Lord McIntosh of Haringey: My Lords, with such issues, we return to the issue of recognised spectrum access. I am told that it is also called "radio signals from afar". I shall speak to Amendment No. 25, about which the noble Baroness, Lady Buscombe, spoke, but I shall speak first to Amendment No. 24, which was moved by the noble Lord, Lord Avebury.

We listened carefully to the noble Lord, and we understand the concerns. We agree about the importance of impact assessments. They are an essential component

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of evidence-based policy making. However, we do not think it necessary to amend the Bill with regard to assessments for RSA.

Given the significance of the RSA provisions, I would expect Ofcom to follow the Clause 7 procedure and carry out an impact assessment before deciding whether to proceed. I would further expect the assessment to have due regard to the international nature of the satellite services, if it relates to satellites, that is. We should bear it in mind that RSA may be introduced for other services, which is a good reason to allow Ofcom a measure of flexibility over the detailed contents of the assessment and not to prescribe them in the Bill.

Clause 7 places Ofcom under an obligation to publish impact assessments in important cases. It is difficult to imagine that RSA is not important. It will be open to operators or anyone else to make representations to Ofcom, if an assessment omits a material consideration, and Ofcom will be required not to implement the proposal until it has taken account of representations received. That is in addition to the duty under Clause 400, which will also apply. Clause 7 already makes sufficient provision for impact assessments without any need for special provision in respect of RSA.

I turn to Amendment No. 25. On Report, I undertook to review the scope of Ofcom's power to make a grant of RSA subject to restrictions and conditions. The noble Baroness, Lady Buscombe, had asked why Ofcom needed such a power, especially in relation to the content of transmissions and broadcasts, and she moved amendments to remove the power from the Bill.

I have looked carefully at subsection (5) of Clause 157 to see whether we could narrow Ofcom's powers without compromising the effective management of the radio spectrum. Amendment No. 25 is the result of that consideration. It will remove from the clause Ofcom's express powers in relation to restrictions and conditions on content. On reflection, we agree with the noble Baroness's argument that they are unnecessary for RSA. She made a fair point, and I am grateful to her. The issue has been extensively debated, and I congratulate the noble Baroness, Lady Buscombe, and the noble Lord, Lord Avebury, on the persistence with which they have pursued the matter.

The noble Baroness asked why I could not give a categoric assurance on grandfathering. It is not really for the Government to do that. Decisions on RSA will be a matter for Ofcom. Unlike for licensed users of spectrum, such as terrestrial broadcasters, the Secretary of State has no existing powers relating to RSA, which is a new system introduced by the Bill. The situation with RSA is more complex, and the effects are not limited to broadcasting. For example, decisions on RSA could affect the availability of spectrum for terrestrial fixed links in the 11 gigahertz band, which is used by Astra for Sky transmissions and shared with terrestrial services. It is for Ofcom to balance such considerations, but I repeat my view that I expect it to take account of any implications for switchover.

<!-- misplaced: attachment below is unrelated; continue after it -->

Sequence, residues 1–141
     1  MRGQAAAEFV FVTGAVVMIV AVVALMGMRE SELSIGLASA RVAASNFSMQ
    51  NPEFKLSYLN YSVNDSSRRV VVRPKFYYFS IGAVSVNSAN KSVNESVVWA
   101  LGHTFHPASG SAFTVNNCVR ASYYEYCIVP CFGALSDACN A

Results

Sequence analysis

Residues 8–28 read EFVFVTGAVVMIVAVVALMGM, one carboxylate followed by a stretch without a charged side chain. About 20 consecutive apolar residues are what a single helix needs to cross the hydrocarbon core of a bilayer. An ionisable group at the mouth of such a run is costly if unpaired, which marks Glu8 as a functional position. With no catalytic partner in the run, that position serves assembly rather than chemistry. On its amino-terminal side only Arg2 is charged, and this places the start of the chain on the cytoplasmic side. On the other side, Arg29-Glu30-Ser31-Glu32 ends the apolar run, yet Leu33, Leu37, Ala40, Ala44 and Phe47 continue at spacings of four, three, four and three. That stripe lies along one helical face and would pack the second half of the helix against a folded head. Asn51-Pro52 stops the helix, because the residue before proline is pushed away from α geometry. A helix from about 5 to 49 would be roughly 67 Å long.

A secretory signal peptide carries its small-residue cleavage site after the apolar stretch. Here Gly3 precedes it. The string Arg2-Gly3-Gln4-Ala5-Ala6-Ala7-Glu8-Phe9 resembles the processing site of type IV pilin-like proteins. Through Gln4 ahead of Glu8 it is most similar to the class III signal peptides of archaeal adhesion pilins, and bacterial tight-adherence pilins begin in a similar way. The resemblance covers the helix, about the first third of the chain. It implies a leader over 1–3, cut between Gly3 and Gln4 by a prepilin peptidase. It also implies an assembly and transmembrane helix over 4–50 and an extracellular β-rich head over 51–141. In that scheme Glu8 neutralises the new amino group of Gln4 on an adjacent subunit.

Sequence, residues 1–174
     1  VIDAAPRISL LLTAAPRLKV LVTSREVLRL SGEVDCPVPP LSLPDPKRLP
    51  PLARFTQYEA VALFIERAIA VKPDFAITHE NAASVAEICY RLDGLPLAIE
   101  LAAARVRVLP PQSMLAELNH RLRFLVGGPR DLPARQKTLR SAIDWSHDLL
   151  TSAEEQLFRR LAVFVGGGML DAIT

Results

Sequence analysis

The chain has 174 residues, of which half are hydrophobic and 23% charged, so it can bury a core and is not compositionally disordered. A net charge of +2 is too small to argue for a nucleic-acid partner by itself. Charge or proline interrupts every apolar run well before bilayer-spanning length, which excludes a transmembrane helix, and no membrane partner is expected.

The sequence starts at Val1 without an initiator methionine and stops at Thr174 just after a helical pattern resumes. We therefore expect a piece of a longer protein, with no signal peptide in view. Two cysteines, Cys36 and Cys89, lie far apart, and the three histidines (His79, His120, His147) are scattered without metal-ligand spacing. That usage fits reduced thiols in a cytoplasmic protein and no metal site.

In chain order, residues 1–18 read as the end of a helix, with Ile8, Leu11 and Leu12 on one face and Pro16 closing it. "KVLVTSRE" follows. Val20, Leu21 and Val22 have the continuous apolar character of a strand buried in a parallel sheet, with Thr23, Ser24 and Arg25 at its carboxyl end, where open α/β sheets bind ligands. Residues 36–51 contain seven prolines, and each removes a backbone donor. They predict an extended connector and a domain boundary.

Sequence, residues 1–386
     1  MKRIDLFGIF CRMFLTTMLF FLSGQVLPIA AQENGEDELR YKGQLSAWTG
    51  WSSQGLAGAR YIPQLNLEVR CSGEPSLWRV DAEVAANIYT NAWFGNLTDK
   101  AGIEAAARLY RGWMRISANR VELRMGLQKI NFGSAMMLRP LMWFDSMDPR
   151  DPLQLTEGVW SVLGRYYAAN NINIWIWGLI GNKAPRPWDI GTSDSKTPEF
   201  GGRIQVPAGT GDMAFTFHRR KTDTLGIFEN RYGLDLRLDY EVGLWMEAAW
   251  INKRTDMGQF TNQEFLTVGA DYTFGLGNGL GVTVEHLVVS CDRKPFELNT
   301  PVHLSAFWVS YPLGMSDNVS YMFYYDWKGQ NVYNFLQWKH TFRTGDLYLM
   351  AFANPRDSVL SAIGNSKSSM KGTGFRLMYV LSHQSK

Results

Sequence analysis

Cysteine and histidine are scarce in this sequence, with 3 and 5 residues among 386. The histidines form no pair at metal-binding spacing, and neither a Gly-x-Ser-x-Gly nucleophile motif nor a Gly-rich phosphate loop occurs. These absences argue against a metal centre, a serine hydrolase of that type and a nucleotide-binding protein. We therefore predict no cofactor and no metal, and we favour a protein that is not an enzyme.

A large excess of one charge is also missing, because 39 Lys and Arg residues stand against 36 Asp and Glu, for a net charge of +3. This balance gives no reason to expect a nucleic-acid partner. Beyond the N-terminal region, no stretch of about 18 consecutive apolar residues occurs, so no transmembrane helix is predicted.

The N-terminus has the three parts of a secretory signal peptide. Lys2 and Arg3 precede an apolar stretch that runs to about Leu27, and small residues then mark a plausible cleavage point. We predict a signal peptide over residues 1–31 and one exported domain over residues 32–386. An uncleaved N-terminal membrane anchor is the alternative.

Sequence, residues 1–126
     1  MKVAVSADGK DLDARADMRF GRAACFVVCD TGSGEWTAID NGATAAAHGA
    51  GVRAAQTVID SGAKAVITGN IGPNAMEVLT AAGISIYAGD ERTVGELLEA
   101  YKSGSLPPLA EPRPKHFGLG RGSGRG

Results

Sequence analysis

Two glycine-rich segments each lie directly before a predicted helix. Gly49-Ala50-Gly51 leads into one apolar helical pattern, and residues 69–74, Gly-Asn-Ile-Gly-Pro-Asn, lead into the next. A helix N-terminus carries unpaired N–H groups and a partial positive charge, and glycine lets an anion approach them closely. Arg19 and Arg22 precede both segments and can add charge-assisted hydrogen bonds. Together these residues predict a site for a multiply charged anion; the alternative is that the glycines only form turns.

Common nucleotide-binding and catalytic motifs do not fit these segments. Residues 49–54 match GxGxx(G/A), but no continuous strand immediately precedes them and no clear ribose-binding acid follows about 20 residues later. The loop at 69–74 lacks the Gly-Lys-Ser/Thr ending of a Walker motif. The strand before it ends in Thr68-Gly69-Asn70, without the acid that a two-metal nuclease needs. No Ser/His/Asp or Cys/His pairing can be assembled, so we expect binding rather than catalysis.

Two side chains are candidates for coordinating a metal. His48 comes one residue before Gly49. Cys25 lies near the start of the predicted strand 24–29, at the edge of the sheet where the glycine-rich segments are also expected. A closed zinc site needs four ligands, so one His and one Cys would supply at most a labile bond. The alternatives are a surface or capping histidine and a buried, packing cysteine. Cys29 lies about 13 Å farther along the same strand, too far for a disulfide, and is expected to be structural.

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6.45 p.m.

Lord Avebury: My Lords, I hope that what the Minister said about grandfathering has satisfied the noble Baroness, Lady Buscombe, to some extent, at least. Perhaps she could get a letter from the chairman of Ofcom—similar to the one that we secured with regard to the previous amendment—that would say what he thought was possible?

Lord McIntosh of Haringey: My Lords, I shall ask him to do that.

Lord Avebury: My Lords, I am grateful to the Minister. That would be useful, even if he cannot give a complete undertaking that the same procedures will be applied to satellite as are applied to terrestrial to give whatever undertakings are possible about the extension of licences that might be covered in future by the introduction of RSA.

The Minister has also said, effectively, that we have what we want. An impact assessment will be conducted under Clause 7. Moreover, he has drawn attention to Clause 400, which reinforces the necessity for Ofcom to take account of representations from the industry before introducing RSA. I hope that that will also go a long way towards reassuring the industry that there will not be a sudden introduction of RSA without the fullest possible consultation.

We have achieved quite a lot in our discussions on the matter, and I sincerely hope that Ofcom will be as receptive to representations from the satellite industry as it ought to be. We look forward to continued consultations with Ofcom, so that we can guide it, if it feels that it is necessary for your Lordships to continue to take an interest in the matter a long time after the Bill has left the House. I beg leave to withdraw the amendment.

Amendment, by leave, withdrawn.